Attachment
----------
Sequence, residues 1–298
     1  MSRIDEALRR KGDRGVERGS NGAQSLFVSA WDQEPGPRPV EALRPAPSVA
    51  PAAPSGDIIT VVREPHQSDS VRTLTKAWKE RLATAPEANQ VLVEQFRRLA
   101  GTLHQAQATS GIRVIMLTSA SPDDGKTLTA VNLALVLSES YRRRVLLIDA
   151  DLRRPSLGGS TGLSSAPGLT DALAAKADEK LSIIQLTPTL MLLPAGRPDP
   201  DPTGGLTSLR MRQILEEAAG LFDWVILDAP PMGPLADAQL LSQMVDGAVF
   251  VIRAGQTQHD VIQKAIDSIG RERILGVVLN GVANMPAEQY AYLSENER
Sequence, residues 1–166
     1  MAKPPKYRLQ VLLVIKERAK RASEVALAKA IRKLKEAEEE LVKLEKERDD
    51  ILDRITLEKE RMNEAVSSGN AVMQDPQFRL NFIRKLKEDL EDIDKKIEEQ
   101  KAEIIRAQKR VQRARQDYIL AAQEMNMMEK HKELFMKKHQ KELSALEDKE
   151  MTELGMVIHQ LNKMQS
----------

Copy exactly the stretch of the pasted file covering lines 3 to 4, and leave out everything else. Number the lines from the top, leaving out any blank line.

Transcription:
    51  PAAPSGDIIT VVREPHQSDS VRTLTKAWKE RLATAPEANQ VLVEQFRRLA
   101  GTLHQAQATS GIRVIMLTSA SPDDGKTLTA VNLALVLSES YRRRVLLIDA